I have practiced yoga for about 10 years. By ‘practice’, I mean an overall average of three times a month.
My first time, I mindlessly followed a friend to hot yoga anticipating a gentle experience. I felt like an old man. I thought my ankles were going to snap off and spleen explode through my back onto the rear wall.
Now, I can grit my way through classes without embarrassing myself. That’s the point of yoga, after all.
Ancient Yogis say you can achieve harmony with yourself and your environment by integrating the body, mind and spirit. When it all comes together, apparently you achieve a state of complete inner calm and peace.
I was once caught unaware by the teacher saying ‘wherever you are this moment is where you are in life’. I happened to be repeatedly banging my head on my knee. Without even noticing.
A friend recently described me using hurricane as a verb – I ‘hurricane’ around her. It could be nature or nurture but is certainly a way of life. I am always moving. I list ‘adapt or die’ as a skill. I am interested in a bit of everything and have never put my meetings into a calendar. I like to think it has afforded me a full life, but have enough sense to know I shouldn’t be tortured by the corpse pose. That’s right, the one where you lie on your back like a dead person – I simply cannot stay still in mind or body.
Contributing to the storm in my teacup – I work from home.Two years ago we moved to the armpit of the earth (Port Elizabeth). I tried getting involved locally and lasted 2 months. Since then, I have been working in several capacities for 6 different organizations, all remote. I have done research, been a tour guide, written a debate curriculum and dozens of long, boring documents. I say yes to everything, typically have either too much or too little and rarely know what’s next.
It always seems to work out but has brought out my worst. Without stability, security or a schedule, not only have I become even more chaotic, I’ve learned how to worry. Now, concern about what may or may not happen later has further crowded my bottomless mind.
Amid of all of this, I have landed on a project that could change my life and make a meaningful contribution to something important. But (a big but), it is self-directed and nobody will pay me for it until it is finished, if ever.
I also became a Mom. On the one hand, children automatically make you present. You don’t have to be a guru to appreciate the moment with a baby. On the other, you lose most of your control and time.
My resolution since Khaya arrived is to become more deliberate in my behavior. Decide who I want to be and structure my time accordingly instead of waking up and riding the rodeo bull. Be calculated, proactive, disciplined and start saying no to things that don’t directly match my priorities. By the way – I don’t get to have 150 of them.
This week I sucked. I fell into a dozen old habits, achieved a million things yet nothing at all and spent my weekly yoga class running circles around the inside of my echoing head.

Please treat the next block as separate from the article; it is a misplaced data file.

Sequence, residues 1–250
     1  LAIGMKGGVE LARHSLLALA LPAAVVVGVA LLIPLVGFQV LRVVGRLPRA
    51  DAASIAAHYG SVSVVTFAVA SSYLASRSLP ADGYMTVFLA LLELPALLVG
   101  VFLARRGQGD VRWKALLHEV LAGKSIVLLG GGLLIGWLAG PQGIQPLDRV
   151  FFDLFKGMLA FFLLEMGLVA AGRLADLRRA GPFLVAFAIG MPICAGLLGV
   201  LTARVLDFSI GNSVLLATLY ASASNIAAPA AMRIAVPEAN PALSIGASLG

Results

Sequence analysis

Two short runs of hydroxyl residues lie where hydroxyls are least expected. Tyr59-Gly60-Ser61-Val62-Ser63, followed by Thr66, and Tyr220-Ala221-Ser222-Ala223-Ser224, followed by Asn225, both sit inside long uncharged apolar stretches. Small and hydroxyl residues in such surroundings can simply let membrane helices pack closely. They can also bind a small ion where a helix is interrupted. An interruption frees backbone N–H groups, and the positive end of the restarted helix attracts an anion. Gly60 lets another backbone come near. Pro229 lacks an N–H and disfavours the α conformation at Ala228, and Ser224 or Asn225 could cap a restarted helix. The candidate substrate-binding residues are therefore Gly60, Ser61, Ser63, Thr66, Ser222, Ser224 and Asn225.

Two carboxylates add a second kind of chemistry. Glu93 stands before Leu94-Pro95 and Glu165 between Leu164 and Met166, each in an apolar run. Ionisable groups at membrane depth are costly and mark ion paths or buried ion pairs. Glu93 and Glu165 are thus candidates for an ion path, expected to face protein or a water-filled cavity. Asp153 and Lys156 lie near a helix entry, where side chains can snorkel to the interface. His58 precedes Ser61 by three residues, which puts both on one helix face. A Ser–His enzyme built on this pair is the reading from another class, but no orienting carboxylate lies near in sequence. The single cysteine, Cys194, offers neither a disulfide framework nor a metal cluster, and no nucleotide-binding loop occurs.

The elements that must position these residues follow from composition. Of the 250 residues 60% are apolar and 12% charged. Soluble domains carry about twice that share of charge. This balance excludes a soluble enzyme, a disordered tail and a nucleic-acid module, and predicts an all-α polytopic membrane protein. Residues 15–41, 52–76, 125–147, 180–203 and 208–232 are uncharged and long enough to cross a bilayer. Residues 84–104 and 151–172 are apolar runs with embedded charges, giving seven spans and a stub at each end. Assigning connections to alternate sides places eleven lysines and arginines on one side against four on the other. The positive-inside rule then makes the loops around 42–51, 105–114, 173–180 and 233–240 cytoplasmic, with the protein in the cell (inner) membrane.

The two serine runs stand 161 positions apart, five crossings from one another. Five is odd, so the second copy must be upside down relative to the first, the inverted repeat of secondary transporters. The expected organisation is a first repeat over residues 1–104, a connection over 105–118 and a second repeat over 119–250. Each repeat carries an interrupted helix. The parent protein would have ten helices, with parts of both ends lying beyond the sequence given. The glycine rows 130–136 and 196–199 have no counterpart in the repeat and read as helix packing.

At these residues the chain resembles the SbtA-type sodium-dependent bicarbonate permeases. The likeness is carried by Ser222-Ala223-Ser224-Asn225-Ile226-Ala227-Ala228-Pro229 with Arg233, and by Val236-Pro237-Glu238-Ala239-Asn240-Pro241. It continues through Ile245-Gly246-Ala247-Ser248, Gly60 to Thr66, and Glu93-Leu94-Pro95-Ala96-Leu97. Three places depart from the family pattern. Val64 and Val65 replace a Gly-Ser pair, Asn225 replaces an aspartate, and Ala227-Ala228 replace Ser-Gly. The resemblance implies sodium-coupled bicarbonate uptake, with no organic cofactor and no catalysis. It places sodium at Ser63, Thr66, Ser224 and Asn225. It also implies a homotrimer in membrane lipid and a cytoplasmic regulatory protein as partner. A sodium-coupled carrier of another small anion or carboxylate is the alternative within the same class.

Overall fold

How does an 18 pound human who eats one food at a time manage to dirty 6 dishes, 2 pots and a food processor in one meal? Why can’t I bake wheat-free, sugar-free granola to help shed this stubborn baby weight while interviewing an emerging Kenyan entrepreneur without screwing them both up? What do I need to do to get the internet to work properly without 2 phone calls and a trip to the mall? And where the f*#! did the week just go?!
I made minimal progress on my big project, never set up on-line registration for this year’s SHLF run, forgot to call my friend back and didn’t bake my husband a cake for his birthday. Yet I checked Facebook every day and watched re-runs of The Newsroom. Oh and this blog is supposed to be about someone else. And I have mango on my shirt.
Do people change? Clearly I recognize the difference between importance and urgency, but how do I re-wire myself to actually apply it? I have read Strengths Finder and understand the value of building to your strengths rather than your weaknesses. But what if your weaknesses are prohibiting your strengths? Being the obstacle to achieving your own purpose is profoundly demoralizing. As is losing the same battle repeatedly.
Last year my friend SaraJane decided to lose 30 pounds and wear a bikini. Growing up she was always lovable, but a little chubby and insecure. She has totally grown into herself and become a fantastically witty supermom to 2 kids and a Swedish husband. She started a blog and chronicled her transformation from running only when chased to running on a treadmill every morning. She got frustrated, hated her body, stumbled many times and felt jealous of skinny girls with fancy lives. It was marvelous. Mostly because it was raw, gave a voice to the struggles we all have and showed what an ordinary person must go through to change. She lost the weight but still won’t wear a bikini. But, she went from eating candy by the bag to becoming a personal trainer so that chubby women feel they belong at the gym. I call that a far bigger win.
All this to say that I haven’t given up and will push on. Given the choice between this entry or nothing, hopefully it is a fill in rather than a failure. Even if I never achieve a state of complete inner peace, this week I will try again to conquer the corpse.